On Jan 30, 4:06 am, “Marston A.” [email protected] wrote:
Besides the fact that from these testsDjango
seems to be whooping serious butt on all fronts, it shows that Rails
1.2.1 seems to be trailing in performance (quite a bit in some places)
in comparison to 1.1.6. Anyone seen the same thing in a production
I’m curious if there is anything significantly missing in these tests
and howDjangogot such great numbers (Or maybe it is just that
efficient? I have no realPython/Djangoexperience.). Thoughts?
Django is just that efficient.
But there’s a reason for that, and I bring it up here in the hope of
fostering a good discussion rather than simply “rah-rahing” Django,
the Python framework that I’m involved in developing.
We made fundamental decisions in Django that eschewed magic in favor
of a bit more explicitness. Plus, performance was baked into the
framework from Day One, rather than us taking a “we’ll make it
efficient later” stance. As a result, Django doesn’t have to do as
many things dynamically as Rails does.
The tradeoff is that, in Django, you’ll have to use an import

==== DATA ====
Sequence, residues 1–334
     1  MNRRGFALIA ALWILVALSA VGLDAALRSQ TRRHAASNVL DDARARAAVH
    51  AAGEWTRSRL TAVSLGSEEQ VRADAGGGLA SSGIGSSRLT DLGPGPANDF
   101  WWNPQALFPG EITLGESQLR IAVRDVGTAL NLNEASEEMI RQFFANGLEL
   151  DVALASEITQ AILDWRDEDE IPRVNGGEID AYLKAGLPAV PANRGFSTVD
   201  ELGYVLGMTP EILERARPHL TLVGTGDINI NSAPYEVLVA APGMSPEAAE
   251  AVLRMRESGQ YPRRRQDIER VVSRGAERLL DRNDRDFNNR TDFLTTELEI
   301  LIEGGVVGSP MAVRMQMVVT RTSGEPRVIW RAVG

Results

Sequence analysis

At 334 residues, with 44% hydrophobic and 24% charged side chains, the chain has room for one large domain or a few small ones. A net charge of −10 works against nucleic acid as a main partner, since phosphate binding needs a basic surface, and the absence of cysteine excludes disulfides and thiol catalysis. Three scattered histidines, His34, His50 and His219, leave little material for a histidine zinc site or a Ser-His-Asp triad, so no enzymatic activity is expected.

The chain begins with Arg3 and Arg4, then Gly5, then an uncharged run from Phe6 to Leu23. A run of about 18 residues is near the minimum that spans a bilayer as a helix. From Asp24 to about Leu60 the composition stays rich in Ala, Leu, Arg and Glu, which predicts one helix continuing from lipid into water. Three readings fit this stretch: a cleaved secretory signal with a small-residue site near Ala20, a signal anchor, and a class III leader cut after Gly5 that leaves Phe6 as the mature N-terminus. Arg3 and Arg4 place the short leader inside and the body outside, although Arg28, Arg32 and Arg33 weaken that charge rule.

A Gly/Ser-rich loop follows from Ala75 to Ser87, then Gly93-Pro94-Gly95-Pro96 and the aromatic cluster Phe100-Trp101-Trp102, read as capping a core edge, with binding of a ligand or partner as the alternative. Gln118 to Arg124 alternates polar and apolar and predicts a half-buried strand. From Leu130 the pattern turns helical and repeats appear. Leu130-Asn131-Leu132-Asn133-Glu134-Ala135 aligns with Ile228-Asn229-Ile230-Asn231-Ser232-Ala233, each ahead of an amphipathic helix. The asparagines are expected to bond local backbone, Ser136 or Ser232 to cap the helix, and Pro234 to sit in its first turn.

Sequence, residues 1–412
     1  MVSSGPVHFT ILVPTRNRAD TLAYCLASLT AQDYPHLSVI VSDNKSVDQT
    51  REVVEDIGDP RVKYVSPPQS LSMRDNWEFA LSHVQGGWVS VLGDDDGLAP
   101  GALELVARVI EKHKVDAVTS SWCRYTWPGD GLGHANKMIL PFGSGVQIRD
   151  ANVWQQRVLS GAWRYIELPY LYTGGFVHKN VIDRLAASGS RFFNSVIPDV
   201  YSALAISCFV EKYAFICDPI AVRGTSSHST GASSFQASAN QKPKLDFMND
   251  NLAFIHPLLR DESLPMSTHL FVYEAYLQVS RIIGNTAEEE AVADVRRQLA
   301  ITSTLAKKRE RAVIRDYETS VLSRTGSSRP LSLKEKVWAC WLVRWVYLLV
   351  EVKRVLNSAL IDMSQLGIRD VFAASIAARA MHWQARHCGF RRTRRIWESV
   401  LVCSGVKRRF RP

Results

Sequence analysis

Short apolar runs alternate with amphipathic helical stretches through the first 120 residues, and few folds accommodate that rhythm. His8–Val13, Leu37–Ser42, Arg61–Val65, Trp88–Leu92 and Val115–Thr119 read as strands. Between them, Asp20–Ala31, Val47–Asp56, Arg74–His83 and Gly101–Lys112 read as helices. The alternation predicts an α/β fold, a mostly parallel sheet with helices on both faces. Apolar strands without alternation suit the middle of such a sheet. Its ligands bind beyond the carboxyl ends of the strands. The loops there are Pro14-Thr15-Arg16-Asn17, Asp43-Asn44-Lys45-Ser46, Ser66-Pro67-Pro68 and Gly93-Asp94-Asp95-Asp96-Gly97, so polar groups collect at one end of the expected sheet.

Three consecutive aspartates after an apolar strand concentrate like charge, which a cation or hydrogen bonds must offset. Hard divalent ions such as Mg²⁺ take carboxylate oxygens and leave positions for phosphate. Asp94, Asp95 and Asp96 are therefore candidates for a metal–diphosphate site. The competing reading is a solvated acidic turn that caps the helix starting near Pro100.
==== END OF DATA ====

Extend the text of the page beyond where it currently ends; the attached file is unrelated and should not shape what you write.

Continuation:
statement if you want to use a certain bit of code, rather than the
code magically being available to you. The tradeoff is that, in
Django, you define your database models in Python code rather than
having the framework introspect the database at runtime. Overall, the
tradeoff is that, in Django, you’re a tiny bit more explicit.
Of course, this isn’t an “I hate my job, this is so tedious” level of
explicitness – Django is, after all, intended to save you a ton of
time. It’s more like a pragmatic level of explicitness. And it has
some nice side benefits, such as the aforementioned performance
benefit (which is important) and the fact that explicit code is more
“discoverable” (i.e., it’s easier to poke into the framework to see
what’s actually happening).
If you give Django a shot, I’m pretty sure these differences will jump
out at you. Whether you appreciate the difference is completely a
personal decision, and no amount of marketing is going to change your
mind. (Well, for most people.) The difference between Rails and Django
programmers seems to be the programmers’ tolerance for magic.
Performance is a nice side benefit of less magic.
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